apt-get update && apt-get upgrade

You should notice an update for the nvidia-current package being installed.

That wasn’t too bad was it? :)

How not to troubleshoot an unexplained server reboot

We asked our provider to investigate why one of our servers rebooted last night. In the process they accidentally rebooted it again… this is root’s bash_history just before it happened, note line 971:

  954  2011-08-17_15:10:39 sar -q
  955  2011-08-17_15:10:59 sar -q|less
  956  2011-08-17_15:11:09 sar -r|less
  957  2011-08-17_15:11:24 last -x|less
  958  2011-08-17_15:11:49 history |grep -i shutd
  959  2011-08-17_15:11:21 history
  960  2011-08-17_15:11:32 date
  961  2011-08-17_15:13:52 cd /var/log/
  962  2011-08-17_15:13:53 ls
  963  2011-08-17_15:13:54 ls -lah
  964  2011-08-17_15:13:58 less audit/
  965  2011-08-17_15:14:04 less audit/audit.log
  966  2011-08-17_15:14:25 less secure
  967  2011-08-17_15:15:15 grep -v nagios secure | less
  968  2011-08-17_15:16:11 dmesg
  969  2011-08-17_15:17:57 sar -r
  970  2011-08-17_15:18:19 dmesg
  971  2011-08-17_15:18:30 dmesg | reboot
  972  2011-08-17_16:20:20 [LOGOUT]: xxxx     pts/2        2011-08-17 15:27 (

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Stopping the Intel WiFi LED from blinking in Ubuntu

My Dell E4300 has an Intel 5100 wifi card and the led blinks constantly. I still don’t understand how Intel can consider blinking the wifi LED during data transfer to be a sensible default. For most people it blinks non-stop which is both uninformative and irritating.

Fortunately blogger Alex Cabal found a solution for Karmic, and his updated solution also works for Natty/11.04. It describes opening a text editor and pasting a couple of lines, however I’m much lazier so here’s the one-line version:

echo 'options iwlcore led_mode=1' >> /etc/modprobe.d/wlan.conf

Of course, the command above must be run as root (sudo -i), for some reason sudo gave me access denied. You also need to reboot… or you could just unload and reload the module:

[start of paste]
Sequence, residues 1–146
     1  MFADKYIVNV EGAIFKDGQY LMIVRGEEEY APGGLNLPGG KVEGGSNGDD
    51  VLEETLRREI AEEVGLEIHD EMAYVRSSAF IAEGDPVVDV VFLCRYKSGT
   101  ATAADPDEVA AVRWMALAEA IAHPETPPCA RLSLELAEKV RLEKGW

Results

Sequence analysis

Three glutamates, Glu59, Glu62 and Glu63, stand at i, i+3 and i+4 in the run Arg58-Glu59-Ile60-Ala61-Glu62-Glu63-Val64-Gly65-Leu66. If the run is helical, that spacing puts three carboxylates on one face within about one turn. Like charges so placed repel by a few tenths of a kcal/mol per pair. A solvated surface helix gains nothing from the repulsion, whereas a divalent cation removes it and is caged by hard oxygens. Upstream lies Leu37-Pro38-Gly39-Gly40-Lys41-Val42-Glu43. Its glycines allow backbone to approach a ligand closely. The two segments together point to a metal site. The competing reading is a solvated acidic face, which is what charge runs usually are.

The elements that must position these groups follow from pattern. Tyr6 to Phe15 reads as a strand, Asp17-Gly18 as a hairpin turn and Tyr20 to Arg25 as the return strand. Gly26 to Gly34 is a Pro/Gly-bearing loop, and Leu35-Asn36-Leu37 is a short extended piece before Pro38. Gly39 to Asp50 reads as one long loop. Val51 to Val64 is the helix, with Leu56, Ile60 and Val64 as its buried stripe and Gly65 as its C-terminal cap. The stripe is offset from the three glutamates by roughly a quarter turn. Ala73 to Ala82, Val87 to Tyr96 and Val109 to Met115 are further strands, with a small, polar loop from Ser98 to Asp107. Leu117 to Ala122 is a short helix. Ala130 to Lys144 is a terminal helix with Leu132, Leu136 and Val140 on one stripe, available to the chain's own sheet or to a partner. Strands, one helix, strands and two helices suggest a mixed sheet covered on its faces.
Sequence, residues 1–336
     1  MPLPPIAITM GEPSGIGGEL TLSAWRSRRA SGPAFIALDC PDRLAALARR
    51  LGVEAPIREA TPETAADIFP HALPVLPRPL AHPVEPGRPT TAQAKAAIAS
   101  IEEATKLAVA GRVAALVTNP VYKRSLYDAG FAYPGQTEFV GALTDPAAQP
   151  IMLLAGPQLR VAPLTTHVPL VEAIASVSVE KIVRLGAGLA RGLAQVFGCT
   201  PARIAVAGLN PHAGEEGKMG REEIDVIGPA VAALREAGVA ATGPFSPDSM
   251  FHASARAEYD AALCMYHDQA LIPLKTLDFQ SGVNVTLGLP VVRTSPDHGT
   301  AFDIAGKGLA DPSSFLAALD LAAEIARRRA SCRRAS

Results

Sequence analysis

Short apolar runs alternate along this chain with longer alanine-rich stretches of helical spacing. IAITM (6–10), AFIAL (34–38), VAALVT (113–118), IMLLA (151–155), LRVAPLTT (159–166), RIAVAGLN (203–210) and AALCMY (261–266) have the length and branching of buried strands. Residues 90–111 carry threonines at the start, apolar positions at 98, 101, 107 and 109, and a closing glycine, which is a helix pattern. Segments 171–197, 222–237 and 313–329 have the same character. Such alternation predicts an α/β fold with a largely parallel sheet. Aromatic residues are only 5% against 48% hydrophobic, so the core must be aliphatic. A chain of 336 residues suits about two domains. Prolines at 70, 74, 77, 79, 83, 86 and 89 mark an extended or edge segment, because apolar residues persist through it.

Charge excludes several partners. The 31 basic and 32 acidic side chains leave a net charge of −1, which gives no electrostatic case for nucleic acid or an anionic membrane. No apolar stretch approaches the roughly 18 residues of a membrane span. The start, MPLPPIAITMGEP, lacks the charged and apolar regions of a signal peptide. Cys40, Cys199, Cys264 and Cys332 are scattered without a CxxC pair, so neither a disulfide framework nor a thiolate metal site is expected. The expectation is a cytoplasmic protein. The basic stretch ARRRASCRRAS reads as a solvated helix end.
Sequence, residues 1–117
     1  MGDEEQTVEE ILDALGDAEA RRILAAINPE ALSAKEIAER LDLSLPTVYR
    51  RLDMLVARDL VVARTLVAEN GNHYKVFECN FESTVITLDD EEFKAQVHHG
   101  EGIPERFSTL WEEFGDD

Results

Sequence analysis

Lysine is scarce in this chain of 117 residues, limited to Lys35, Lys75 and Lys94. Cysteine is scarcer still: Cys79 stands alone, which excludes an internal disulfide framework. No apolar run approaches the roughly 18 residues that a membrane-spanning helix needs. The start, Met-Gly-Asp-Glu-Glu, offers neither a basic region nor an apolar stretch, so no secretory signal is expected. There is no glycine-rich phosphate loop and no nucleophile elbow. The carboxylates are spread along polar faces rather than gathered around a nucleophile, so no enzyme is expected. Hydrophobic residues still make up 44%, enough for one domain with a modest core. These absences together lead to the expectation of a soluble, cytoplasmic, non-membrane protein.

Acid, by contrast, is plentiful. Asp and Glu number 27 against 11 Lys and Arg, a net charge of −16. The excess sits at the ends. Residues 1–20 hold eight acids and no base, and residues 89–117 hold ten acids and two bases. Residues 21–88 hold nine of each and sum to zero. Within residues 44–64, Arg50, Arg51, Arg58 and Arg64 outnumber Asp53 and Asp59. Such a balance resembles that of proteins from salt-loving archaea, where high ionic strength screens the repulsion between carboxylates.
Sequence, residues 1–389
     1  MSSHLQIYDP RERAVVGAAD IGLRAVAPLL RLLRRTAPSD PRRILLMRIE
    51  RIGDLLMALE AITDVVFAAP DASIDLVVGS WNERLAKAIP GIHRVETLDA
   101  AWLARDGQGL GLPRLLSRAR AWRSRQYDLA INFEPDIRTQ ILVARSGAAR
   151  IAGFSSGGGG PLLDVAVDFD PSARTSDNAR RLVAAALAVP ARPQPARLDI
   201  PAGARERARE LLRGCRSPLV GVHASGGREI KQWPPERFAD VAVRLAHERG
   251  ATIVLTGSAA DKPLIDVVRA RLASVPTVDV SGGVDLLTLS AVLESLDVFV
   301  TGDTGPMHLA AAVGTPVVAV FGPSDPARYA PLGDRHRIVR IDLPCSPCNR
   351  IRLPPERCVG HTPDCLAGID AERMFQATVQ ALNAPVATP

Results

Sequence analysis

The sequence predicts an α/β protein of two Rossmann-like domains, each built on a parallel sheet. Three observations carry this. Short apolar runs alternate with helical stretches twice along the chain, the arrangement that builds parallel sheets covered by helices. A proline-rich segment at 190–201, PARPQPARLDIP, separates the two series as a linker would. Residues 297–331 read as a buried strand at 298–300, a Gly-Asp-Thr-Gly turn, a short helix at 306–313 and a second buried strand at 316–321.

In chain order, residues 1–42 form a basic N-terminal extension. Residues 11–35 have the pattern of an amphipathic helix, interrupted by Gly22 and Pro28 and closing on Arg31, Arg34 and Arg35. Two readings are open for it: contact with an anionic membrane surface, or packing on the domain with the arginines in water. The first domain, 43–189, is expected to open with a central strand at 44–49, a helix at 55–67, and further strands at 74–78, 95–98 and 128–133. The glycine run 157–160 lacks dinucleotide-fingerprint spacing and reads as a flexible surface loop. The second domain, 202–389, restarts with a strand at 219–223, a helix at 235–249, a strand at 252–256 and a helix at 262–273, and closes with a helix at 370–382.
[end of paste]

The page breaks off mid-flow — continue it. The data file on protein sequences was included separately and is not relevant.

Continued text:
modprobe -r iwlagn && modprobe iwlagn

The double ampersand just executes the next command if the previous one succeeded (exit status 0).


As of Ubuntu 11.10 (kernel 3.0.0) the option has to be applied to the iwlagn module, options for iwlcore are ignored. Thus the full solution now becomes:

sudo -i
echo 'options iwlagn led_mode=1' >> /etc/modprobe.d/wlan.conf
modprobe -r iwlagn && modprobe iwlagn

Keyboard layout switching to USA in Ubuntu 11.04

I recently upgraded the keyboard in my Dell E4300 from a standard USA model to a backlit UK model. All went great however I noticed that the keyboard layout kept switching back to the USA layout. It seemed to happen after every reboot, and also randomly in the middle of the session.

There’s even a bug in launchpad about it which I commented on:

There were two factors causing the layout to switch and the USA layout to be reinstated.

Firstly when logging in the session was set to the USA layout. To fix this logout, select your user name and then look for the keyboard symbol down the bottom of the screen.

The second feature causing seemingly random switches during sessions was the “Separate layout for each window” option in Keyboard Preferences (Keyboard Preferences is in system settings and the option is on the layout tab).

If you deactivate this, remove the USA layout, apply system wide and make sure the GDM session is set to the correct layout on login you shouldn’t have any more problems with randomly switching keyboard layouts!